Louisiana Bond Commission approves deal to modernize the New Orleans Superdome
The Louisiana State Bond Commission approved a nearly $1 billion financing plan Thursday, a portion of which will be used to renovate and modernize the Mercedes-Benz Superdome, the home of the National Football League’s New Orleans Saints.
While the 44-year-old Superdome needs upgrades due to its age, the improvements are also being used as a bargaining chip to negotiate an extension of the Saints contract, which expires in 2025.
The commission voted unanimously to allow the Louisiana Stadium and Exposition District to issue a series of new money revenue and refunding bonds and bond anticipation notes over several years to fund $450 million in improvements.
“Is the state on the hook for the bonds?” asked State Treasurer John Schroder, who chairs the commission.
The LSED will be obligated to repay the debt, not the state, district officials said, adding that the financing will not count against the state’s bonding capacity.
The district will be issuing $560 million of new and refunding revenue bonds with 31-year maturities, portions of which will pay for some of the renovations with the balance refunding, for debt service savings, all or a portion of outstanding bonds issued in 2013.
Some $350 million of BANs with five-year maturities will be issued in several series. The BANs will provide short-term interim financing for the renovations, and eventually will be taken out with long-term bonds.
The new debt will be secured with $210 million from the LSED’s 4% hotel occupancy tax, a $150 million contribution from the Saints, and $90 million from the state.
The source of Louisiana’s contribution hasn’t been determined, and still must be approved by the Legislature. The Bond Commission was told that there are at least three sources the state could consider funding its contribution from, including surplus funds that are expected this fiscal year.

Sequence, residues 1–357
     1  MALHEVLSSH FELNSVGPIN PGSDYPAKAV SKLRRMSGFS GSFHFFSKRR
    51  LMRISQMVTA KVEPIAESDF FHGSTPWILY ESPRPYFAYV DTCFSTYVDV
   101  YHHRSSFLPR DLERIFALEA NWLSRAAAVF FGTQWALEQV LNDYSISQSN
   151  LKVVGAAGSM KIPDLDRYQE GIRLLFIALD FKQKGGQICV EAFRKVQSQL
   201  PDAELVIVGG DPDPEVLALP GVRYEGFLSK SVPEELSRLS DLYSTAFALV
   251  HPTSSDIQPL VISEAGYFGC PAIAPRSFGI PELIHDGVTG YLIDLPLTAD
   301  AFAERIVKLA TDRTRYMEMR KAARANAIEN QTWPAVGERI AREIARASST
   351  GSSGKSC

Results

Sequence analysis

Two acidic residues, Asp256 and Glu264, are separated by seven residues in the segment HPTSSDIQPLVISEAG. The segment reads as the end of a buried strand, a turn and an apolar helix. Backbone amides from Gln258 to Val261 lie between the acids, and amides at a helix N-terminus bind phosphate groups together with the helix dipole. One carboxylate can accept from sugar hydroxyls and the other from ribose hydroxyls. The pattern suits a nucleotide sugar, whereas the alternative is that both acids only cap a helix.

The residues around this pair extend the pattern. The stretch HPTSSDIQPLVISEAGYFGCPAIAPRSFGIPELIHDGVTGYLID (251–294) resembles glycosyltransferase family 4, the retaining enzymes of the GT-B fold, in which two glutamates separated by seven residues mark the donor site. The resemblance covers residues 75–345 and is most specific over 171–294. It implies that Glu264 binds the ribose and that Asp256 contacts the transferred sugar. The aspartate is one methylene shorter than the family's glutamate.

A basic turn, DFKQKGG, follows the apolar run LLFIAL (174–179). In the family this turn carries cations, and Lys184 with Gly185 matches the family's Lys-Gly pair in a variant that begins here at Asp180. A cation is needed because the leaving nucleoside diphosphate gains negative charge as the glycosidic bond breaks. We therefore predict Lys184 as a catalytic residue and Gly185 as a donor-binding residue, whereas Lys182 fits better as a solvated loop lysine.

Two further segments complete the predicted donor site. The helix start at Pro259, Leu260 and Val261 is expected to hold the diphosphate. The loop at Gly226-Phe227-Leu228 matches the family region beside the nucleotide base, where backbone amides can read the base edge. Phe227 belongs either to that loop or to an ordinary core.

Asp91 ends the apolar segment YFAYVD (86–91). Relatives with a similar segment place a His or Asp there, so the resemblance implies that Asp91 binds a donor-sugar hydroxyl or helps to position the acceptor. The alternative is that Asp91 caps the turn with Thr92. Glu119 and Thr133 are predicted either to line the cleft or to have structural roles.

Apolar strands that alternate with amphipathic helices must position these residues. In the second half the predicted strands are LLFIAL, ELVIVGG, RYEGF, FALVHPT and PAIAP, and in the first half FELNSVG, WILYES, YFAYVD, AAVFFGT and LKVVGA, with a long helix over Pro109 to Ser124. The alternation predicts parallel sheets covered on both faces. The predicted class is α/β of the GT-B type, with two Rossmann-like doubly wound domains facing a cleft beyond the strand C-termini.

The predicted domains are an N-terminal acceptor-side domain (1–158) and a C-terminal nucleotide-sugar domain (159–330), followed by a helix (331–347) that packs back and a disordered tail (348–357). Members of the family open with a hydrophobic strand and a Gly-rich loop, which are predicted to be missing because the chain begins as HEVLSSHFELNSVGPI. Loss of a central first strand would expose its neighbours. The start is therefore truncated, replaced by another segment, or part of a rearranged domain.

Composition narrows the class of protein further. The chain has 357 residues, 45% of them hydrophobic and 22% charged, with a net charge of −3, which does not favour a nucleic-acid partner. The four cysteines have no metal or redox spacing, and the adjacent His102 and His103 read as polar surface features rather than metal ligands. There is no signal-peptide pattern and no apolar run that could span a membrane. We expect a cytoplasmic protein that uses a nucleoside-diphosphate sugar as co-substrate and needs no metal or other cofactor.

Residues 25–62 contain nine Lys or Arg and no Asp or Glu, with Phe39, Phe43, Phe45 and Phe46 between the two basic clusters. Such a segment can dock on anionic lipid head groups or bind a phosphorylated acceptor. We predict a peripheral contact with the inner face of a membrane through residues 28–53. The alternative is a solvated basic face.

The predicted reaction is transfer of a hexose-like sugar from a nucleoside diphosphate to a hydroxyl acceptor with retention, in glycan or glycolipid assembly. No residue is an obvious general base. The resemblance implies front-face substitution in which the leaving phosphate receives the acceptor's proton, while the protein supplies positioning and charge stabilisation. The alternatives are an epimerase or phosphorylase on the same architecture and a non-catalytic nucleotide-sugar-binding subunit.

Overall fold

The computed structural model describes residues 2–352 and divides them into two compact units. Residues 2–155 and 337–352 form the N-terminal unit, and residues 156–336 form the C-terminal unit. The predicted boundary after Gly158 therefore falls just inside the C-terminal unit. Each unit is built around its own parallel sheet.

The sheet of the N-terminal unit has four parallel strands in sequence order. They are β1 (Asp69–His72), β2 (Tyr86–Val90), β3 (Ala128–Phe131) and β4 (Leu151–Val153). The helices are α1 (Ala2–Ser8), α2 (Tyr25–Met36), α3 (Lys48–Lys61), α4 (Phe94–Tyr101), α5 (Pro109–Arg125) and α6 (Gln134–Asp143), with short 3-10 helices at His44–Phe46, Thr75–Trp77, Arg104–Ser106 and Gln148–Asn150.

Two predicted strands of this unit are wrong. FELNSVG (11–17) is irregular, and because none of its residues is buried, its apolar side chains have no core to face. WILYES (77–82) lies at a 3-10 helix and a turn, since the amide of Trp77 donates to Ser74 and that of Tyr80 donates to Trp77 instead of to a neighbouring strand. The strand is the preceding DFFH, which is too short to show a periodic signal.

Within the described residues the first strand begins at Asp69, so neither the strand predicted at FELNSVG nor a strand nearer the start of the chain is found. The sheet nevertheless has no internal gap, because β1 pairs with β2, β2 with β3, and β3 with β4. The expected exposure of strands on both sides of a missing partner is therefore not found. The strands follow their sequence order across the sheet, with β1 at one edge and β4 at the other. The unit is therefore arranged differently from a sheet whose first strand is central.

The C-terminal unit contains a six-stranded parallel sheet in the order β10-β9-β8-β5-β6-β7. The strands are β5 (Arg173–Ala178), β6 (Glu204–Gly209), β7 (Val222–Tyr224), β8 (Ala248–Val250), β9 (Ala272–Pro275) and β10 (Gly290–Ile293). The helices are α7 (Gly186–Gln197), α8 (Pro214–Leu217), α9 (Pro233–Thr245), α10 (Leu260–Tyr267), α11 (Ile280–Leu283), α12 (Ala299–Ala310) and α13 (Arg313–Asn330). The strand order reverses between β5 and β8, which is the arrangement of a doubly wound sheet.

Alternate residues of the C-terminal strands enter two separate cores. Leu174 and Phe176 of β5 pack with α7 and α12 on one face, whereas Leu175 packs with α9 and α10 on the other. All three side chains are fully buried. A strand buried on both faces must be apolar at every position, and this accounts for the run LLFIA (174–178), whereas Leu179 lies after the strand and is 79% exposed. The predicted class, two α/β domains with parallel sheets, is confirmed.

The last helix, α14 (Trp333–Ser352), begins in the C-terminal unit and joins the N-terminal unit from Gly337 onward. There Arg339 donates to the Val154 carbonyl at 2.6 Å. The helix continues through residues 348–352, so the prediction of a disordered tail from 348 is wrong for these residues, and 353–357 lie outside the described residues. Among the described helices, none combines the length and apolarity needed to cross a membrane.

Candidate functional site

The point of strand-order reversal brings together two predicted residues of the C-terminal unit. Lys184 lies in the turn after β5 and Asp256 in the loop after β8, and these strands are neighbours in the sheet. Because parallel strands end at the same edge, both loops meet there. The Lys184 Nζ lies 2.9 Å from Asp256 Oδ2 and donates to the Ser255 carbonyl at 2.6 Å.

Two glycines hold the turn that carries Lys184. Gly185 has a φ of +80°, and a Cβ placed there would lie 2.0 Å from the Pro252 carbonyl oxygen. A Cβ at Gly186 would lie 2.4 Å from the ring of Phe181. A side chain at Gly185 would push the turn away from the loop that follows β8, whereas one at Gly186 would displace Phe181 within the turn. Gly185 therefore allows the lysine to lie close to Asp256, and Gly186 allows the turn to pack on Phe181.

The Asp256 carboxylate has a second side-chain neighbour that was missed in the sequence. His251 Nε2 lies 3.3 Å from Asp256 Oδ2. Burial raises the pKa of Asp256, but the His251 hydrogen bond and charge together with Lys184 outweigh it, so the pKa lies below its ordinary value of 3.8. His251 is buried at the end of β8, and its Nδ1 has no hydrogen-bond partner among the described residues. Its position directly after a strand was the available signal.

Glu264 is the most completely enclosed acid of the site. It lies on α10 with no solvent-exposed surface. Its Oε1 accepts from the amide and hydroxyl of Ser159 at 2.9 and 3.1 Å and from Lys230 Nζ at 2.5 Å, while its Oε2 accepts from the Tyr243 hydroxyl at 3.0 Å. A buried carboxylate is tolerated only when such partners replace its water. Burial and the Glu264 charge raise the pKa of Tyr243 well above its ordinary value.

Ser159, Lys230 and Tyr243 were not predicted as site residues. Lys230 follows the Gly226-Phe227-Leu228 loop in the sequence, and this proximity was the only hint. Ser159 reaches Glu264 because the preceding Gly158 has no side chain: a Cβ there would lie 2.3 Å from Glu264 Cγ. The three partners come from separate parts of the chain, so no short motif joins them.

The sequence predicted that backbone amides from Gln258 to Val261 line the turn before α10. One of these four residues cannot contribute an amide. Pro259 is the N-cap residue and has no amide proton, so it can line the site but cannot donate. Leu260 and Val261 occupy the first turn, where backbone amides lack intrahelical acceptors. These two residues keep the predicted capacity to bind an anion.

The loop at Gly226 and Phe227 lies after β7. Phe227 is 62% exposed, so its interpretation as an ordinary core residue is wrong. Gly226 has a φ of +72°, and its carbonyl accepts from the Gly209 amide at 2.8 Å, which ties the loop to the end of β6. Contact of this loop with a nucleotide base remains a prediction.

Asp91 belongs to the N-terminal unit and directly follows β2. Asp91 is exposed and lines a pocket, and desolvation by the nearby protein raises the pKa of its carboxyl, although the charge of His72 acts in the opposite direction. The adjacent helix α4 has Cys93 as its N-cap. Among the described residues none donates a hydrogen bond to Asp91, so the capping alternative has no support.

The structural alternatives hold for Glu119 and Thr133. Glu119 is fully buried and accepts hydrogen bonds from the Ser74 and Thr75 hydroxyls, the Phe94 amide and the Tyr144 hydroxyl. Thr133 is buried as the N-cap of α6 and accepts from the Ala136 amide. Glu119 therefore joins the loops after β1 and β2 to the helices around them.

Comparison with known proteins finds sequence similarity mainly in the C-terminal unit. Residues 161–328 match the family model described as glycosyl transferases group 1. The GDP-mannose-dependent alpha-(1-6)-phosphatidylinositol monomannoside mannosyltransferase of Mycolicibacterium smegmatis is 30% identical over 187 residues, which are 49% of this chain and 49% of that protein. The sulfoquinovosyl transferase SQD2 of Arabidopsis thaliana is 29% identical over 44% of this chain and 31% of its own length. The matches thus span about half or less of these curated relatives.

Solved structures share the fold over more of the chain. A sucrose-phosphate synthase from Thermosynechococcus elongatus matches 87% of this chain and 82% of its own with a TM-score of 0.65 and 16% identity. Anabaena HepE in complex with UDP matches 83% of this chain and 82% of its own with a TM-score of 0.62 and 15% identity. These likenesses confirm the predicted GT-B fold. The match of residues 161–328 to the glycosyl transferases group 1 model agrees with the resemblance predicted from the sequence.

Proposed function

Gov. John Bel Edwards, who has talked with team officials about the stadium project and extending the Saints contract, released a statement thanking the commission for approving the plan of finance.
“For several months, we have been working in partnership with the New Orleans Saints and the Louisiana Stadium and Exposition District behind the scenes on several business matters, including discussions of improvements to the Superdome,” Edwards said Thursday. “Following today’s action, I believe that in short order, we will finalize a long-term lease extension that keeps the New Orleans Saints in the Superdome for many years to come.”
The goal is to negotiate a 10-year contract extension with the team, and additional options to extend the contract up to 30 years.
The stadium improvements will include removing the sideline ramp system and installing new elevators and escalators, building new lounges and expanding box suites, constructing a new visiting team locker room as well as a lobby and improvements to concessions.
Work will also include bringing the facility into compliance with the Americans with Disabilities Act, installing new systems for audio and visual broadcasts and displays, upgrading security systems and new signage, as well as transportation and cooking distribution improvements.
While the Superdome is home to the Saints, the iconic facility also serves other sporting events and championship games, concerts, conventions, trade and consumer shows. It also was a massive shelter after Hurricane Katrina struck in 2005.
The renovations are expected to be completed by 2024, in time for New Orleans to host its 11th Super Bowl. The championship NFL game has been held there more times than any other city.
The Superdome improvements were not required by the NFL in order for the city to hold the Super Bowl, the Bond Commission was told. The improvements are designed to extend the life of the facility and will be less costly than building a new stadium.
The structure of the bond deal hasn’t been determined, and underwriters haven’t been selected.
PFM and CLB Porter are the district’s co-financial advisors. Foley & Judell LLP and Auzenne & Associates are co-bond counsel.